There has been a growing body of research looking into foundational drivers of engagement and wellbeing. One topic coming into the spotlight as among the strongest intrinsic motivators is sense of purpose. Over the last decade, more than 1,000 studies have illuminated the profound impact that a strong sense of purpose has on health behaviors, brain health, as well as individual and organizational wellbeing.

Recently, Dr. Strecher shared a new data-backed model at Hero-Health’s Annual Forum illustrating the impact that sense of personal purpose has on key business drivers like retention, work engagement and mental wellbeing. This new wellbeing model centers on how a purposeful culture aligns several interrelated and significant business outcomes. Employees with strong purpose have greater emotional regulation, resilience and more effective coping strategies when things get difficult. Those who report their employer supports their purpose are far more engaged and are more likely to stick around. These purposeful culture factors (measured by Kumanu’s Purposeful Culture IndexTM) directly impact their mindset, health behaviors and risk of burnout and depression.

Consistent with Dr. Stretcher’s findings, the U.S. Surgeon General has also released its Framework for Workplace Mental Health and Wellbeing that aligns closely with Kumanu’s new model for wellbeing. One of the main pillars of this model is referred to as “Mattering at work.” This includes two key factors – dignity and meaning. The latter is defined as “the sense of broader purpose and significance of one’s work.” There is benefit when leaders and organizations can help workers see the connection between their day-to-day work and the organizational purpose and mission. When members of your workforce develop a sense of shared purpose it builds connectedness, generates pride, and fuels resilience.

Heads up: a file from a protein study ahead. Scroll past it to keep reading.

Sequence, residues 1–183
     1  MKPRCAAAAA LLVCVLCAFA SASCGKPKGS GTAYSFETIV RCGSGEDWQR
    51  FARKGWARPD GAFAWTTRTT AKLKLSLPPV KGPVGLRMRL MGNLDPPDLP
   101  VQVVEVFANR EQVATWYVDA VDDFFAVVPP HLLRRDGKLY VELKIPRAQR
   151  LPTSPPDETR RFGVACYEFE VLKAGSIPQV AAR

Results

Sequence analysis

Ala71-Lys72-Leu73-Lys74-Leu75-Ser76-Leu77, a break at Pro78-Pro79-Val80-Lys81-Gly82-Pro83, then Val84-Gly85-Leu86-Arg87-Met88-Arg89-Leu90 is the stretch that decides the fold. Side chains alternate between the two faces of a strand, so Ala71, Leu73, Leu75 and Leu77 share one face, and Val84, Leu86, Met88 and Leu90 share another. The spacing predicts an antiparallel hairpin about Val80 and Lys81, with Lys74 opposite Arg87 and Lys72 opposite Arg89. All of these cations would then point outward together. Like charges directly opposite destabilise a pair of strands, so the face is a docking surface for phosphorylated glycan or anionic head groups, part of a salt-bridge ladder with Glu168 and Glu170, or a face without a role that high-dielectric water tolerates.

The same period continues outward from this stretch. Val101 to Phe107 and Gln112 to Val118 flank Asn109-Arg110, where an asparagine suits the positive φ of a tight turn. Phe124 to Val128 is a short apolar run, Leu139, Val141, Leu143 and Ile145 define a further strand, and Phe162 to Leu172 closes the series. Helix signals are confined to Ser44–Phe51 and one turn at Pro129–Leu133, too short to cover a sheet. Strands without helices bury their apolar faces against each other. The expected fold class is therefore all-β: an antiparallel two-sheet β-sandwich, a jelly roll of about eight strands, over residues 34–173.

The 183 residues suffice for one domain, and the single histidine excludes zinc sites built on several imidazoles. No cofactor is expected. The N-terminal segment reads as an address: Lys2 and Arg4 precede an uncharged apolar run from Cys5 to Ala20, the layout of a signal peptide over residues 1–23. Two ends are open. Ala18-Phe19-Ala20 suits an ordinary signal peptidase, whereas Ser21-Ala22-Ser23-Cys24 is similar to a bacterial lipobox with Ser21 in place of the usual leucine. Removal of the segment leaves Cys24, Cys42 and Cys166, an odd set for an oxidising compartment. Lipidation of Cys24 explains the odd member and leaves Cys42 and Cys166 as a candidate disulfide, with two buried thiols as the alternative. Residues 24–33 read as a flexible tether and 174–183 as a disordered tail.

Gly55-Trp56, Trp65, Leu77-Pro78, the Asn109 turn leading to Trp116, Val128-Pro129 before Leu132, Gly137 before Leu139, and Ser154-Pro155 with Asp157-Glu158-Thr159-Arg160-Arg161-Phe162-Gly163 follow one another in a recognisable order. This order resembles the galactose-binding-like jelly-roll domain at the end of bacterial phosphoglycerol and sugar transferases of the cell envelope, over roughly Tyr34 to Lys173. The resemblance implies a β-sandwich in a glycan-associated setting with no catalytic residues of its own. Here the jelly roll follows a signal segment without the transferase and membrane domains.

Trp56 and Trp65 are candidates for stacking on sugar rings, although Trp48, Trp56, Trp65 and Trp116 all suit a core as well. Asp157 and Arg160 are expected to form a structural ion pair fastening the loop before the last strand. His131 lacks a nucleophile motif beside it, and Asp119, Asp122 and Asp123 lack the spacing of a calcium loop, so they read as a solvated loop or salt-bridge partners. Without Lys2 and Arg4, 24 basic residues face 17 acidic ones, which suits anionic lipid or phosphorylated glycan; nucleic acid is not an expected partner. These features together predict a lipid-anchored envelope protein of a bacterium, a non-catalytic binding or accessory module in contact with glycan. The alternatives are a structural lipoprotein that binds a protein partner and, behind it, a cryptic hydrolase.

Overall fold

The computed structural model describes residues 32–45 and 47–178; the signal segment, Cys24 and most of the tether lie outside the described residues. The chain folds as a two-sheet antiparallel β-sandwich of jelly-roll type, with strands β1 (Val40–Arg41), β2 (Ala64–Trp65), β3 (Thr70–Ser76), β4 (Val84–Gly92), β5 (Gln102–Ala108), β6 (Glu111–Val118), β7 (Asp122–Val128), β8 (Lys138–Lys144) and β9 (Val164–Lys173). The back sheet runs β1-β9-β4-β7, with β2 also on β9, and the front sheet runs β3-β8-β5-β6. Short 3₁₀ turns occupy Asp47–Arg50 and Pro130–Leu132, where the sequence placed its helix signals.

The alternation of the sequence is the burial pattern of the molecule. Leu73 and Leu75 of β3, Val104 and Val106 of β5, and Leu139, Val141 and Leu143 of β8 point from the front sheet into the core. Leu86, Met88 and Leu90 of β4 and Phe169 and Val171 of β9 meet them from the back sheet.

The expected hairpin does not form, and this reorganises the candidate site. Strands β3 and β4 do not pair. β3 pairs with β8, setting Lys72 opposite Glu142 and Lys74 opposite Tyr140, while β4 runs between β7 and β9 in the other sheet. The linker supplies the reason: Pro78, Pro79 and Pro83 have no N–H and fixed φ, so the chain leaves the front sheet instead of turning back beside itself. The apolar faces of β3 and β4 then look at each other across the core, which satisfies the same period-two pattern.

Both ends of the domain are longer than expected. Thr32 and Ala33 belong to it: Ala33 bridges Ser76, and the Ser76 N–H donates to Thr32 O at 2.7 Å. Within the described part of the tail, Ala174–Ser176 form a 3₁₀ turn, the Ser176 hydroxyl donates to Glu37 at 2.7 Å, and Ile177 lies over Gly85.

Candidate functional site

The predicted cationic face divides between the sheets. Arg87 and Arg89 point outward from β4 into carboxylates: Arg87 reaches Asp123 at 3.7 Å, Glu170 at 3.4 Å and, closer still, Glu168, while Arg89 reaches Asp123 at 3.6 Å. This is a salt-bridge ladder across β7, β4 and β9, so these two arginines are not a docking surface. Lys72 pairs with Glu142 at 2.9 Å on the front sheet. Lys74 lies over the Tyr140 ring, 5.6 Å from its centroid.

Practical Steps for Progress
The pandemic-influenced modern work era has highlighted cracks in how organizations support workforce wellbeing and exposed gaps in how well employees feel (or don’t feel) supported and recognized. Leaders that lean into the challenge harness potential to create a more connected culture, stronger commitment, and a more relevant model of wellbeing that helps their employees bring their best, even in the face of constant change and disruption.

If you and your fellow leaders recognize the need to evolve your organization’s approach to employee wellbeing to build a more sustainable and thriving workplace here are some pragmatic considerations that may help:

  • Employee wellbeing is far more than a collection of basic benefits. When you have an employee-centric approach to culture and wellbeing, transformative things can happen.
  • If Leadership is not building an authentic, purpose-driven culture, it needs to catch up–quickly. Kumanu can help you benchmark where your organization is at with our Purposeful Culture Index.TM
  • Throwing a multitude of benefits and wellbeing tools at employees that are already overwhelmed is like listening for a song-bird in Times Square. Find the right benefits administration platform to help employees easily find the right tools when they need help. Hint–no need to look further than the home of this blog.
  • When you’re looking for the right tools and programs to help your employees be their best, make sure they are grounded in science and data. The right strategy and support tools should not only be addressing the Personal Determinants of Health, but also the Social and Organizational determinants too.